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Cyprus

Kotsiatis, Vati rubbish dumps to close at the end of the month

The Kotsiatis landfill should have closed in 2009

The illegal landfills at Kotsiatis and Vati will finally close down at the end of February, the environment department of the agriculture ministry announced on Friday.

“The definitive closure of the illegal landfills in Vati and Kotsiatis is part of the government’s broader environmental policy to reduce the uncontrolled disposal of waste in landfills and its proper utilisation and is an obligation of the Republic of Cyprus in the implementation of the European directives for management of waste,” the ministry said.

According to the statement, the environment department consulted the local authorities before finalising its decision and found solutions for the proper management of the waste in licensed facilities.

Access to the two landfills will be permanently closed and the public is urged not to enter the premises after February 28.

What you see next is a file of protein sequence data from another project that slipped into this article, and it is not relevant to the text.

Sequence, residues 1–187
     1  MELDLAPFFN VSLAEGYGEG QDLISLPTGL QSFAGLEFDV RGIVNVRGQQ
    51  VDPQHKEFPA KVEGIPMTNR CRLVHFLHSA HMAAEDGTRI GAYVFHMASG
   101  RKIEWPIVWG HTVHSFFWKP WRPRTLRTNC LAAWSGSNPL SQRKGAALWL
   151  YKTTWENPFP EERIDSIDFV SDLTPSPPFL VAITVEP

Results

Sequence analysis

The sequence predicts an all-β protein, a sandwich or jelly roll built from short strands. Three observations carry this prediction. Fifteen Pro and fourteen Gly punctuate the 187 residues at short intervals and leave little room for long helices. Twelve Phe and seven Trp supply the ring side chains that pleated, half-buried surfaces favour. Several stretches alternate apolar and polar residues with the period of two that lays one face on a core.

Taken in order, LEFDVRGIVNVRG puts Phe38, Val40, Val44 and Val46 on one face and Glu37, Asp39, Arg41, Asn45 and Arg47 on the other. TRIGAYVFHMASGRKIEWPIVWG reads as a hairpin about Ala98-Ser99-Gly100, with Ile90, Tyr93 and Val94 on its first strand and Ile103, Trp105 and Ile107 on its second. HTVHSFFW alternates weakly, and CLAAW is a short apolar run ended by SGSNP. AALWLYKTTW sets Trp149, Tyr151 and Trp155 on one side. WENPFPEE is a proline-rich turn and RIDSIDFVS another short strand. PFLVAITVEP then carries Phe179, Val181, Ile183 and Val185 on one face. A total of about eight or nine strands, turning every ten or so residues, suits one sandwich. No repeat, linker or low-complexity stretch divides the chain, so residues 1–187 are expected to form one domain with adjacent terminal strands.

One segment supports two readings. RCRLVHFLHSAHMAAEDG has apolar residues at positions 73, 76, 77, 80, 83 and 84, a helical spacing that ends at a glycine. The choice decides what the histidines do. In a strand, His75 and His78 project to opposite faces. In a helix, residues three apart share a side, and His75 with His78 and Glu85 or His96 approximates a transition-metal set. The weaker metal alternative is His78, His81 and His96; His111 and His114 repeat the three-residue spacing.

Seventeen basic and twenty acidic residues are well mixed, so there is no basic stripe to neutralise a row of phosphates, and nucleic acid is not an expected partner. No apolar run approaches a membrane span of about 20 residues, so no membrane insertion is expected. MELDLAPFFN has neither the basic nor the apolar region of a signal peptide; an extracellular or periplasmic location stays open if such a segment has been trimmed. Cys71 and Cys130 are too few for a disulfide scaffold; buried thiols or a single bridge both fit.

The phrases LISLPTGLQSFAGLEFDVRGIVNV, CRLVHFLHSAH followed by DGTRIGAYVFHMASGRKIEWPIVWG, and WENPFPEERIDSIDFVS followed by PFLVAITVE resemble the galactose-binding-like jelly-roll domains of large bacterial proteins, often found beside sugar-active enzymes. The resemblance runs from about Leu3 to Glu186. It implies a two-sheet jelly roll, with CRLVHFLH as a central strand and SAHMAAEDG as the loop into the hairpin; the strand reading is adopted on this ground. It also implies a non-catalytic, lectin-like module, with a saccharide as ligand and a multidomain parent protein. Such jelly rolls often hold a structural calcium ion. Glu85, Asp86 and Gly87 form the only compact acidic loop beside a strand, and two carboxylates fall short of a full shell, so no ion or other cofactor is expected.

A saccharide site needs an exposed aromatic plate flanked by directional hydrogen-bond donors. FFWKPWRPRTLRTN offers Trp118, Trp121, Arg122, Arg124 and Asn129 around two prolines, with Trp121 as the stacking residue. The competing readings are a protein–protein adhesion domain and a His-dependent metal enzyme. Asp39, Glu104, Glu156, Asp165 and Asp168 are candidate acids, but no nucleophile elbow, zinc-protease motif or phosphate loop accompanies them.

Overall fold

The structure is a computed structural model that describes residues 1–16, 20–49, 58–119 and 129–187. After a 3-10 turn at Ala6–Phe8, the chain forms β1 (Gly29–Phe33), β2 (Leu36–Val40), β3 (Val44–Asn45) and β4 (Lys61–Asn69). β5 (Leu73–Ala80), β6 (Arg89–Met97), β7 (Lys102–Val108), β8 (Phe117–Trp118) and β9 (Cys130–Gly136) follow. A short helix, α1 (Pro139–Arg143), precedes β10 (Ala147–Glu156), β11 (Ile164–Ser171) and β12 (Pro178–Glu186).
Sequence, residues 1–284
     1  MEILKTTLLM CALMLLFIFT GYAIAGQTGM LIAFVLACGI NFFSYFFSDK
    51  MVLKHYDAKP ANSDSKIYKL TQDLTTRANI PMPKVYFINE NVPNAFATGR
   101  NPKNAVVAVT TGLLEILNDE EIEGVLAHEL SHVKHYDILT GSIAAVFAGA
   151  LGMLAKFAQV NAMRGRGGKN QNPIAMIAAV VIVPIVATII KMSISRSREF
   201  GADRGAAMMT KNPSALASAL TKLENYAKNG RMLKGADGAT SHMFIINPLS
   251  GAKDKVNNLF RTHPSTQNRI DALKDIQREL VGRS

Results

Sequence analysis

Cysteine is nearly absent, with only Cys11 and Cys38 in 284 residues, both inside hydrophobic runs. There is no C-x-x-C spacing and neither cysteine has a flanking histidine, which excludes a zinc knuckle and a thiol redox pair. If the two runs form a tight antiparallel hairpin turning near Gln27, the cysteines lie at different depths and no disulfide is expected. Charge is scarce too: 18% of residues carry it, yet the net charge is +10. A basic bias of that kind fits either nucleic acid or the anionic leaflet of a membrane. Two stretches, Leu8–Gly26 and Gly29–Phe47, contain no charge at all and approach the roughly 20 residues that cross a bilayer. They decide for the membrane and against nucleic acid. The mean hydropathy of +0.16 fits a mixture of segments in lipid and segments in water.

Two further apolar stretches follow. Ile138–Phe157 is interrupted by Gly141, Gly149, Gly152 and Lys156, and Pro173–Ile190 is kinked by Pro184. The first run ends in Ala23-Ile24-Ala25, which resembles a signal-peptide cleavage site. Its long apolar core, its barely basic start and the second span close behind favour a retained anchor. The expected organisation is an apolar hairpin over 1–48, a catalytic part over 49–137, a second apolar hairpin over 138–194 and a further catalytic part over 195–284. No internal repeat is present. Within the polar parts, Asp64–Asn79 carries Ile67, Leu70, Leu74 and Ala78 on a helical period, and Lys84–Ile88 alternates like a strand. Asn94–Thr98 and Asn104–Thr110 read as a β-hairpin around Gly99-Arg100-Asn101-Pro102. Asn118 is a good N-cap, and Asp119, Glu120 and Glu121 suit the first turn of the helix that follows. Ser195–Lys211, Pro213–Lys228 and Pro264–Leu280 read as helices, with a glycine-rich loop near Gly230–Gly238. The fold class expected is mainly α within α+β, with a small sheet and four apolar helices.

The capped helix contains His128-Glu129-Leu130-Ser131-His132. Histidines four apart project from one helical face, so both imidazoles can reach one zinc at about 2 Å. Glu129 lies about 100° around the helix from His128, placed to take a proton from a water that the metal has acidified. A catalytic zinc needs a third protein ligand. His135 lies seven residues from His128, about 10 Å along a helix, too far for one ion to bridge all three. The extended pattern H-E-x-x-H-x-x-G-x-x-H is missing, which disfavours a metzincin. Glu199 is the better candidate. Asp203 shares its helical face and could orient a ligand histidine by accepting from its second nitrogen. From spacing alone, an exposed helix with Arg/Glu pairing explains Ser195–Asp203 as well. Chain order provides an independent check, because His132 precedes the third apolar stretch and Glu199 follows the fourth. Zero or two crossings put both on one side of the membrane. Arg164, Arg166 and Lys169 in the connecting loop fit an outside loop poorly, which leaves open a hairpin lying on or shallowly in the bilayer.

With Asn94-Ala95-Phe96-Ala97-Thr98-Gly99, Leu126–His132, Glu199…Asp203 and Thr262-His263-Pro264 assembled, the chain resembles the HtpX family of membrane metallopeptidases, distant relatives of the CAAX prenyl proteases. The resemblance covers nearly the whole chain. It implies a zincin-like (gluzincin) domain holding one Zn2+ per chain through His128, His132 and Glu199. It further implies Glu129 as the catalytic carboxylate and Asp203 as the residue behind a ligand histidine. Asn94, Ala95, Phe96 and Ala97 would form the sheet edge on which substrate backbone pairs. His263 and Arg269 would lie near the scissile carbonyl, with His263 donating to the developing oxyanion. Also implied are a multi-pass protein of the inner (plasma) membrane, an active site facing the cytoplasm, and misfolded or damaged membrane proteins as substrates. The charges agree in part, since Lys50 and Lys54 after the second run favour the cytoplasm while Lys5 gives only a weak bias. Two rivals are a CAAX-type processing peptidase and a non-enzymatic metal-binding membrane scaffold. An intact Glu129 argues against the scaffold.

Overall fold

“Any waste disposal in these areas is prohibited and offenders will be subject to the provisions of the law with severe penalties,” the department warned.

The Kotsiatis rubbish dump was supposed to close in 2009. After a plan to build a separate waste-management plant in Nicosia was scrapped, it was decided to transfer rubbish from Kotsiatis to the Koshi plant in Larnaca. Procedures for this were delayed following the bribery scandals and ensuing trials concerning Helector, the company running Koshi and Paphos sanitary landfills.

The issue was even further delayed following constant rejections by the Central Committee on Changes and Claims (KEAA) of deals agreed between the government and Helector on the management of the Nicosia district’s garbage.

Cyprus was faced with fines over the delay to shut down the landfills, ordered by the EU in 2013.

After that, the EU repeatedly warned that the country would have to face steep fines if they did not close the landfills down.

In May 2017, the EU initiated an infringement process for the delays with Cyprus looking at fines of around €30,000 for each day of delay. But following a visit in October that year by European Environment Commissioner Karmenu Vella the EU gave the government more time.

 

 

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